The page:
6:O7 AM. Well after a huge day yesterday, today is a fresh start, and we are happy to report that Logan is doing great. His breathing is doing really good, in fact, and if his blood weren't slightly acidic now (something that's completely normal after surgery), then they would have already pulled him off the ventilator and had his breathing tubes removed. This will more than likely happen later today. (Our nurse said this is remarkable for the day after surgery). Logan had two drain tubes installed during the surgery that help his body remove excess fluid from his void spaces and lungs. This morning they are collecting less fluid and the fluids are running more clear (again, great news). Logan is currently on a few different medications (morphine, tylenol, dopamine, and lasik), again, all part of the procedure. He looks great, given what he's been through, but we can't wait to get his breathing tubes out. He isn't as swollen as I'd expected him to be, and his coloring looks good. We should be able to hold him today too, which we've been yearning to do. Yesterday they had to give him quite a bit of fluids, because his blood pressure was a bit low. Normally after heart surgery, your heart will "sag." What this means is that 6-8 hours post surgery the heart has its hardest time recovering, but that's what the CICU is for. The drugs they've given him help his heart contract more, in essence loosening it up. Remember, Logan's exterior wall of the heart had become thicker (since the heart is a muscle and it was working extra hard to get him oxygen), and so also more stiff. Now that he has 4 separate chambers in his heart, like we all do, his heart has to figure a way to pump to get all of the blood going where it should. I can't tell you what it's like to look up at his vitals and see his oxygen in the high 90's! No more tet spells for Logan (not that he's had any, but now that risk is over!) We'll get some pictures out later today as well.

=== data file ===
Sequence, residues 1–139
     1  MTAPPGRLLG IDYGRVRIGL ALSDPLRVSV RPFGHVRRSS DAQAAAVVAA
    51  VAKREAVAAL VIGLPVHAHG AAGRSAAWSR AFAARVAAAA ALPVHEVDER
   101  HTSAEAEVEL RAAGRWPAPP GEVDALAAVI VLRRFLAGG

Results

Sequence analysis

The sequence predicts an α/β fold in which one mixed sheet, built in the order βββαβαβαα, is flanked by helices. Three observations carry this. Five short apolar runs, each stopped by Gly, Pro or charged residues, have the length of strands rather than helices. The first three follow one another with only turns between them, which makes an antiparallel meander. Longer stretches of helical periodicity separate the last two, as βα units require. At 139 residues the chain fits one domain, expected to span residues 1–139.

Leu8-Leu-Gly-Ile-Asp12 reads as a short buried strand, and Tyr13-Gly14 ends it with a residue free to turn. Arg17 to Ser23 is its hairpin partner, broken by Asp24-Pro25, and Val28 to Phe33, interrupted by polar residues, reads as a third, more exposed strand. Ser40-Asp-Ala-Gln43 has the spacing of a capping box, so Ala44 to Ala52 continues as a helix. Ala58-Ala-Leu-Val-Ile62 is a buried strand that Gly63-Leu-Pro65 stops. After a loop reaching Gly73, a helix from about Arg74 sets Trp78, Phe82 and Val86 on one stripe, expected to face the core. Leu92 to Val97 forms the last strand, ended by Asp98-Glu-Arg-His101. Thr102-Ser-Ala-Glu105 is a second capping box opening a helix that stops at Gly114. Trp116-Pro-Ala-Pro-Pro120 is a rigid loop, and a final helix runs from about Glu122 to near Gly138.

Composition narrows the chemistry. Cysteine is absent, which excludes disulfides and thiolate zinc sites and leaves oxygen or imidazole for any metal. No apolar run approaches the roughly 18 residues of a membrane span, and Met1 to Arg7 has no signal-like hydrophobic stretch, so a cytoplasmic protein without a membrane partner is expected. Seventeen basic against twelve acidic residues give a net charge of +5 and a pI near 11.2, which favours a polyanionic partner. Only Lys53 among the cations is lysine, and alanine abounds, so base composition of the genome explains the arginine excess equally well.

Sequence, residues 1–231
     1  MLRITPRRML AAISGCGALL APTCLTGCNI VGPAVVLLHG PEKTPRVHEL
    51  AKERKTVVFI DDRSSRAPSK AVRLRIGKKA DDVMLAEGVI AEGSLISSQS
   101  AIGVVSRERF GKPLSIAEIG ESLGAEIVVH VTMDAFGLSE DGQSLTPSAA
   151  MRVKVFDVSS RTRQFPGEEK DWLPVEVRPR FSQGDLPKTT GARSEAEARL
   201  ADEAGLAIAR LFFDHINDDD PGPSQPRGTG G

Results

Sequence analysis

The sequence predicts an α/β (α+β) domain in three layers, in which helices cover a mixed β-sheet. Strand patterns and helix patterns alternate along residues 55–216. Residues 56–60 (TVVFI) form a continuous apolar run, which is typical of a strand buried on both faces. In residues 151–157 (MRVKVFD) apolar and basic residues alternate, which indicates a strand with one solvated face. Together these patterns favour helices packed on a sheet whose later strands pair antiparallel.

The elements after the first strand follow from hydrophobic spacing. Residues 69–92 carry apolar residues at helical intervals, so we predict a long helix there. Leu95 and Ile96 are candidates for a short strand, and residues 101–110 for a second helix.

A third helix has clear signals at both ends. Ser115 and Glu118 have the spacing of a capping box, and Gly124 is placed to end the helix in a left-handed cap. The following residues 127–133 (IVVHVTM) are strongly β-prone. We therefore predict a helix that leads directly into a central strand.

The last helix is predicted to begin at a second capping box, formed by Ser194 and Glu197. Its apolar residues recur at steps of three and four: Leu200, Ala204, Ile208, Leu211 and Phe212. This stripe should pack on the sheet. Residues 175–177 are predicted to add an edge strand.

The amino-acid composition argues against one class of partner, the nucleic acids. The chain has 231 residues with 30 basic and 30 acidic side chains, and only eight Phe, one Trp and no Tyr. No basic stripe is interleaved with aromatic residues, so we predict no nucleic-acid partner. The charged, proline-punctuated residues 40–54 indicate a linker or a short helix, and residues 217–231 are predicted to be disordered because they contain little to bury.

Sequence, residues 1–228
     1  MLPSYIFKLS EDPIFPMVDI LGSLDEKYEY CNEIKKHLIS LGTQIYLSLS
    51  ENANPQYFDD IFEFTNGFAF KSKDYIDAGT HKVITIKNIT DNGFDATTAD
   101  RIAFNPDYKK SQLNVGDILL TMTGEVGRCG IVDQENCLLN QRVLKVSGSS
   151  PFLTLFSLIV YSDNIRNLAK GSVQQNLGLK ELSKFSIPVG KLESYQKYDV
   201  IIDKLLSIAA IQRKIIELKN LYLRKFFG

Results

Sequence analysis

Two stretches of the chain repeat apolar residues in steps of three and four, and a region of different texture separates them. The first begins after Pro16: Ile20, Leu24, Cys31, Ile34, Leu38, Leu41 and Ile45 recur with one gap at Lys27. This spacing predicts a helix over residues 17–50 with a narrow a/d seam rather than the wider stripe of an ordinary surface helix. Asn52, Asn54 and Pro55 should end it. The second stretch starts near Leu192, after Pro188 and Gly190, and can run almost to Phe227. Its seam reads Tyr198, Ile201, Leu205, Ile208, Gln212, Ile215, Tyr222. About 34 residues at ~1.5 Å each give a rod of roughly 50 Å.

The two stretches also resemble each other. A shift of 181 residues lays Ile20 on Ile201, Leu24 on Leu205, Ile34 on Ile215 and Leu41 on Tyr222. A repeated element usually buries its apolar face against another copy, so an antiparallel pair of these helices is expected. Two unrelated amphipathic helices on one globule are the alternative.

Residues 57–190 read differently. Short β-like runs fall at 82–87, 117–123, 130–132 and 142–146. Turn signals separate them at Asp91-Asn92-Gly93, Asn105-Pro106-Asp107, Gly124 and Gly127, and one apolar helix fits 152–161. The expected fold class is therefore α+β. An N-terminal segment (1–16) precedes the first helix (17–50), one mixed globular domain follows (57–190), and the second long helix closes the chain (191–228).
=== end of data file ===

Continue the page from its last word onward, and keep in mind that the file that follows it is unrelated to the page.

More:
Monday, August 17, 2009